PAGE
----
When Abufarha first came to Palestine to set up PFTA in 2004, he started with eight
members. By the end of 2004, they had formed 12 cooperatives, with 220 farmers who were willing to adhere to the association’s standards. But this was no easy task. Drivers going from village to village would have to call ahead to find out where the army checkpoints were. There were times when Abufarha himself was forced at gunpoint to lie down on the ground while they searched the vehicle. Barricades blocked access to water sources. Oftentimes they would end up collecting oil at night because of roadblocks and search conditions. Anyone leaving a village to do anything was taking a risk. It was a far cry from his life in Wisconsin.
But the risk paid off. Today, farmers like Mahmoud Issa who were making around $6,000–7,000 a year working in factories have been able to return to their farms and are now making around $18,000 annually thanks to Canaan Fair Trade. In fact, Issa was recently appointed as PFTA’s president.
Throughout all of Palestine, word about PFTA’s work has also helped raise the overall market price for olive oil. “Establishing a fair trade program gave farmers a new language that enabled them to ask for a fair price,” says Abufarha. Before PFTA, even NGOs that had been buying some of the olive oil out of charity were not paying enough to cover the true cost of living, he notes, but adds that they have raised their prices to meet PFTA’s prices now.
Working together in the co-op has helped farmers cope with the occupation in ways that go beyond just a better income as well, says Abufarha. “Under these conditions, it’s difficult to have an open mind. There are many sources of conflict. This project allows these people to express their resistance to the occupation in a creative, peaceful way,” he points out. “This is not just an economic project, it’s a social and cultural project. It’s empowering for these people to see that their product is now reaching the world with their story.”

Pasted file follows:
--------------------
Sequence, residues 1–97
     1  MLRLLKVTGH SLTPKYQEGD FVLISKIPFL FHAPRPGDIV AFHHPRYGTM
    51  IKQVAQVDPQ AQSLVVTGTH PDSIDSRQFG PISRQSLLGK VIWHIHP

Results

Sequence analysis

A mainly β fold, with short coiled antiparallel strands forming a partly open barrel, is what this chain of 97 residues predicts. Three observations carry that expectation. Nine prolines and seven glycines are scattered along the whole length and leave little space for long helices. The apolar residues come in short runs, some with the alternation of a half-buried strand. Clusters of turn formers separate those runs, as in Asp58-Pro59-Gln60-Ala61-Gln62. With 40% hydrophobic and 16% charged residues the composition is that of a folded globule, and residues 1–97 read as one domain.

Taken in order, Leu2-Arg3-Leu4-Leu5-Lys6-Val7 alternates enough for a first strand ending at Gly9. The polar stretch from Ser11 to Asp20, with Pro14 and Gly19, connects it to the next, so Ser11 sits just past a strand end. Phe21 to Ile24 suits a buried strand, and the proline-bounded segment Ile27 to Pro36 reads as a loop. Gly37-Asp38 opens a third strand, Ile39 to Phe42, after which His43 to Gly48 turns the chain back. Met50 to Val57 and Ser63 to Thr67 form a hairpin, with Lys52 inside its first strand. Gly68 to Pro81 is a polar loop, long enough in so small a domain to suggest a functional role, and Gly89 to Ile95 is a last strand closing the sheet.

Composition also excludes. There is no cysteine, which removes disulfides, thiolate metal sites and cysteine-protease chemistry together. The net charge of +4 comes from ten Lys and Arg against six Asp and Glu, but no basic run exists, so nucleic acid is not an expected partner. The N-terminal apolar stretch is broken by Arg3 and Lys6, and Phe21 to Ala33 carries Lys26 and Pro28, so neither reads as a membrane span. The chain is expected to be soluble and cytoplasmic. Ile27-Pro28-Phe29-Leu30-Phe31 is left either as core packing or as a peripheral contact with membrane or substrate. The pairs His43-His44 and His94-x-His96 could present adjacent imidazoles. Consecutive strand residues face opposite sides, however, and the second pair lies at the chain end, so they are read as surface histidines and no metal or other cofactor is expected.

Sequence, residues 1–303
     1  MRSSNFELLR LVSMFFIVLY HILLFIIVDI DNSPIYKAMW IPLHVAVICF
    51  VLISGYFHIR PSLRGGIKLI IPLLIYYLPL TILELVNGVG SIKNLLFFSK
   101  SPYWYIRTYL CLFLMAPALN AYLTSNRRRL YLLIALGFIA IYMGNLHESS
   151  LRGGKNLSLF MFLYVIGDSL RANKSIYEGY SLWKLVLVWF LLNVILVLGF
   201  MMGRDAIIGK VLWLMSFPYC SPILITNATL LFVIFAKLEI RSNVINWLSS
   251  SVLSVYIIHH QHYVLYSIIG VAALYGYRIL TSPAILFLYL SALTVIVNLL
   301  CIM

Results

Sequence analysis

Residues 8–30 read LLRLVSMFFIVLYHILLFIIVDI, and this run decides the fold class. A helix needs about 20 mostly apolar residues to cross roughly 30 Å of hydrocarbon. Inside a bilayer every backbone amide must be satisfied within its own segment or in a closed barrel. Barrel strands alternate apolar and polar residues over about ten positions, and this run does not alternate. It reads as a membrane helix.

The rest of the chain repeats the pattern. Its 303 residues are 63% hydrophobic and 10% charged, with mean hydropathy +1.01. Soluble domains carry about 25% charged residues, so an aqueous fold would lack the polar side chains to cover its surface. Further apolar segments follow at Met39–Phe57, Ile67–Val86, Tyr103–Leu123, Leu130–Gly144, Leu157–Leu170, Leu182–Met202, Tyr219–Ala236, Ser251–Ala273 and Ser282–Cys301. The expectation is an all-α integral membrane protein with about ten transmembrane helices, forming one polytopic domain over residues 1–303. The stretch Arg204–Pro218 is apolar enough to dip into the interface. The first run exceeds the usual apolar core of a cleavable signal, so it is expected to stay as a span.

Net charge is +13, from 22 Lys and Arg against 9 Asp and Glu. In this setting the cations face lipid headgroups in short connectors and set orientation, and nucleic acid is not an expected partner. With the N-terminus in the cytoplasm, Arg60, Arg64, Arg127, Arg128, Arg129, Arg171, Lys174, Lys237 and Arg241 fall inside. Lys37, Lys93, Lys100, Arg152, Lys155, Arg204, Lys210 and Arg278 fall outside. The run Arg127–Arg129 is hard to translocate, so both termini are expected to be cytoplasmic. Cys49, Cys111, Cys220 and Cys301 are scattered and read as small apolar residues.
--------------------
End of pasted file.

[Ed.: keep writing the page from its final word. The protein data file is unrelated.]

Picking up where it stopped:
Certification—The Key to New Markets
While Abufarha had insisted on both fair trade and organic practices from the beginning, he didn’t have the third-party certifications that many major retailers and industrial clients demand today. Then he got the call from Dr. Bronner’s, and by 2006, he was working with the organic personal care company and Switzerland-based certifier IMO to certify to both Fair For Life and USDA Organic standards.
Because most olive farmers in Palestine didn’t use chemicals in the first place, they were able to cut down the three-year transition period, and others who needed more time to transition to organic were still able to sell their product as fair trade, helping balance some of the cost associated with transitioning.
Dr. Bronner’s agreed to purchase 60 metric tons (MT) of olive oil and over the years scaled up to 200 MT, making it still the largest buyer of Canaan’s olive oil today. In addition, the company has sponsored Canaan Fair Trade for grants from the Dutch government to provide funds for olive oil bottling machinery, several dozen 5,000-liter stainless steel oil storage tanks and an olive pickling line. These funds are also helping Canaan achieve ISO22000 food safety certification for its olive oil processing.
While there had been some success selling to nonprofits and smaller groups in the United States and Canada prior to gaining organic and fair trade certification, taking this step greatly improved Canaan Fair Trade’s marketability. In 2007, Canaan was now able to participate in BioFach, the world’s largest organic trade show—quite literally opening up a whole new world of opportunity. Co-op Denmark saw Canaan Fair Trade at the show and soon launched the brand in 15 stores—and by the end of 2011, Canaan Fair Trade will be in all 700 of the chain’s locations.